27. Insofar as the appellant is concerned Mr Kennes makes the point that he has an ethnic Hema profile and is physically recognisable as a member of the Hema. His opinion is that if left on his own in Kinshasa the appellant would run a security risk and he would also be at risk as a failed asylum seeker coming from this country. He would run the risk of being perceived as a member of an anti-government movement linked to the Tutsi groups in Kivu. This would warrant further interrogation in the Kin Maziere detention centre where he would be at risk of cruel, inhuman and degrading treatment. The risk to him as a member of the Hema is based on the association made by the Congolese between Hema and Tutsi. The Hema-Hima-Tutsi are put “in the same bag” by the Congolese and regarded as enemies. This cultural factor must be taken together with the social background. The Hema were advantaged by the Belgian colonisers just as the Tutsi were considered to be. The Hema had a higher social status and possessed much of the land in Ituri. Finally there is also a political element; some Hema groups (as for example the militia of Thomas Lubanga) have been supported by the Rwandan regime thus reinforcing the association between Hema and Tutsi. Mr Kennes sets out in his report how he forwarded a picture of the appellant to four different people from the east of the DRC, one of whom specialised in the Ituri region. Their reply was unanimous: the form of the appellant's face, his nose and lips portrayed a Hema physiognomy. This was not the same as a Tutsi physiognomy but in Kinshasa and the western part of the country the Hema tribe was associated with the Tutsi even if they were physically different. He says that the appellant is clearly identified as a member of the Hema and would be so identified by the relevant immigration and security services on arrival.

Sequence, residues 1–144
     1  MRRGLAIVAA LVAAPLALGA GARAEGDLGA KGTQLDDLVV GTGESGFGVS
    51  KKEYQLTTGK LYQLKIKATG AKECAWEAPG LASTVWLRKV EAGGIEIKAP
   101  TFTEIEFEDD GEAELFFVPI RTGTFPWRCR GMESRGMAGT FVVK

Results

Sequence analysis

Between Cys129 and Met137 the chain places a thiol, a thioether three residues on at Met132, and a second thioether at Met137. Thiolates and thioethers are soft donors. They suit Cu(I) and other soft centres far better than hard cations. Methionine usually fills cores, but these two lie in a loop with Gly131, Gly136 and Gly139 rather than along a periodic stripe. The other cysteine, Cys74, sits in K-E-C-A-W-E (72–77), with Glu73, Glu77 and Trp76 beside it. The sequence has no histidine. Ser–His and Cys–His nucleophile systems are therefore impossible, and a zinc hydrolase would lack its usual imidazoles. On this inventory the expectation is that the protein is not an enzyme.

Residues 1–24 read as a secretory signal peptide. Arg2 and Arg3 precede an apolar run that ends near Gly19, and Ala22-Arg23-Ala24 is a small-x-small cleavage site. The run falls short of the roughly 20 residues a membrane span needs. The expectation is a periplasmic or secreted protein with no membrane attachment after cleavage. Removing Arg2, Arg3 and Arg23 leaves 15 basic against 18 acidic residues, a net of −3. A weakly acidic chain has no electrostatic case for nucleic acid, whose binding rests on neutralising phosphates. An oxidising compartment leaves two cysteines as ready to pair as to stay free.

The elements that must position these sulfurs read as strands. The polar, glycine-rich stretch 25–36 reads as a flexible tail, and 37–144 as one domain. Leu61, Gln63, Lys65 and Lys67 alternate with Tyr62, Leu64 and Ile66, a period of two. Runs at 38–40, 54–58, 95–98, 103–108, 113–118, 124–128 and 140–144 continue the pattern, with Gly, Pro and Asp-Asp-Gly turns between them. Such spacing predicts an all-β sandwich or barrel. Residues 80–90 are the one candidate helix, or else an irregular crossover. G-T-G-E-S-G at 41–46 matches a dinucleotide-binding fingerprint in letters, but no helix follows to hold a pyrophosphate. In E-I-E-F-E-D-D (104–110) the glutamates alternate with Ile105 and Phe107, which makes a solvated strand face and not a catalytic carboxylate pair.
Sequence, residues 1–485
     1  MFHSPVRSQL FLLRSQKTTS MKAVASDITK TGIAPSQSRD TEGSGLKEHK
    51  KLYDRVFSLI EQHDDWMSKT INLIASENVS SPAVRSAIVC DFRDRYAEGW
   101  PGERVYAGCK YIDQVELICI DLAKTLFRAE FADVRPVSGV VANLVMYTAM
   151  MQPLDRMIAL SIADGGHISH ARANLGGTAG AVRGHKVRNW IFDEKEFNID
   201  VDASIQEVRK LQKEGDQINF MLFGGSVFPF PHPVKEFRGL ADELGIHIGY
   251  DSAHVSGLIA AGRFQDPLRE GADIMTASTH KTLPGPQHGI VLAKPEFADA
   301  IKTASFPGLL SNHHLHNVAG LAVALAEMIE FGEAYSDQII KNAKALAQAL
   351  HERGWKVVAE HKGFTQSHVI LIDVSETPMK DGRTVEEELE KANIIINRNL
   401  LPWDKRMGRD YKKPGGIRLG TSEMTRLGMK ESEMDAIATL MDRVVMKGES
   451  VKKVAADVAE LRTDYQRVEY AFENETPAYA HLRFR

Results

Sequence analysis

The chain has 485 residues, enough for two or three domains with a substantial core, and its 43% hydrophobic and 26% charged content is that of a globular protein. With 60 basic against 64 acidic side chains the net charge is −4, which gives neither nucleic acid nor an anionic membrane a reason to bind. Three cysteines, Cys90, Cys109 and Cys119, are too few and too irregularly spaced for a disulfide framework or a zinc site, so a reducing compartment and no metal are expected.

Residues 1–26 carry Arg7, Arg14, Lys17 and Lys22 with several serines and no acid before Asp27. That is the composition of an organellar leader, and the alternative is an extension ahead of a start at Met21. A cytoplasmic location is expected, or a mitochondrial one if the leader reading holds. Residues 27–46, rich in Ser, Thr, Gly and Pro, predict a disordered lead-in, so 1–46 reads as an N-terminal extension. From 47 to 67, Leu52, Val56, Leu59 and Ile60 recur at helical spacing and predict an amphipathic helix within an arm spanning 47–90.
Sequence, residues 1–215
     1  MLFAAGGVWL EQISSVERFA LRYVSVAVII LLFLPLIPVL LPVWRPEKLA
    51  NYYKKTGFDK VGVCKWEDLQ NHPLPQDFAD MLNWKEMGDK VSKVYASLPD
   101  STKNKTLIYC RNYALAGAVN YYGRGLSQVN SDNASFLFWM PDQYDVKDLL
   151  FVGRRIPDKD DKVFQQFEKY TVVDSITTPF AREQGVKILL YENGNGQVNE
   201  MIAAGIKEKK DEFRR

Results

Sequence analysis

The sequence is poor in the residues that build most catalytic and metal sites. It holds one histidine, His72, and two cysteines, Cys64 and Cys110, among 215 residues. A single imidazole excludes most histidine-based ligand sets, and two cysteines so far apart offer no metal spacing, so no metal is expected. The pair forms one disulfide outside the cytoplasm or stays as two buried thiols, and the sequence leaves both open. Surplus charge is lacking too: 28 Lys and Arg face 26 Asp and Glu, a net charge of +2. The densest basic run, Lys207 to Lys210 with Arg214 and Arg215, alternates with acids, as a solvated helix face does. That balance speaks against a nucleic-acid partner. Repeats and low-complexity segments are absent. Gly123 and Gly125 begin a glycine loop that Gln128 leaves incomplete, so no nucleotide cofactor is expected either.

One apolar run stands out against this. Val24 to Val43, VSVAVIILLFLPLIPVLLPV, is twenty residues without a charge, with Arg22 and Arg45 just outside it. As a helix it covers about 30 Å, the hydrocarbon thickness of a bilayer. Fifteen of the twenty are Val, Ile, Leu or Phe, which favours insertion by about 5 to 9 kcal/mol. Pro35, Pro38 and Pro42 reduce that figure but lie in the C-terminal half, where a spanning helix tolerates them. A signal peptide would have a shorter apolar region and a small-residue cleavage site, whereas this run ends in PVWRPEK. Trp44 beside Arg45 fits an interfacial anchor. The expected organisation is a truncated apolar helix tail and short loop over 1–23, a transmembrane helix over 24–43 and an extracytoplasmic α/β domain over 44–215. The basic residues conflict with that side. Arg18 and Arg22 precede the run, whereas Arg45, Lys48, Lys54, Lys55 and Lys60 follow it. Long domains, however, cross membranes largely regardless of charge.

28. In her submissions Mrs Tanner accepted that the issue was whether the appellant would be at real risk as a member of the Hema on return to Kinshasa. She submitted that he would receive protection in government controlled areas. She relied on the OGN of August 2007 and in particular paragraphs 3.10.6 and 9. She submitted that much of Mr Kennes’ report was historical and that the situation had now improved in Ituri. The evidence about the appellant’s physical appearance should be treated with caution. The views expressed by Mr Kennes were not his own but those of anonymous sources. There was no adequate evidence that the appellant would be at risk because of his appearance. She submitted he was not entitled to asylum or humanitarian protection nor would he be at risk of a breach of Article 3. However, she accepted in the light of the opinions of the House of Lords in Beoku-Betts that removal would be a disproportionate interference with the appellant’s family and private life. She accepted that family life existed between the appellant and his partner and her son, that they had one child and that his partner was expecting another child. It would not be reasonable to expect her to return with him to the DRC or for him to return to make an application for entry clearance.

29. Mr Henderson submitted that the appeal should also succeed on asylum grounds. He argued that the appellant would be at risk not only in his home area but also in Kinshasa. Even if the question of internal flight did arise, in the light of his family circumstances, it must follow that it would be unduly harsh to expect him to relocate. There would be no adequate protection in Ituri and it would not be reasonable for him to return to Kinshasa. There was clear evidence to show that in the eyes of the DRC authorities the Hema were associated with Rwandans and Tutsis. It was accepted that the appellant was a member of the Hema and this alone would put him at risk. In any event there was cogent evidence that he would be identified as a member of the Hema and would be at risk in Kinshasa.

Article 8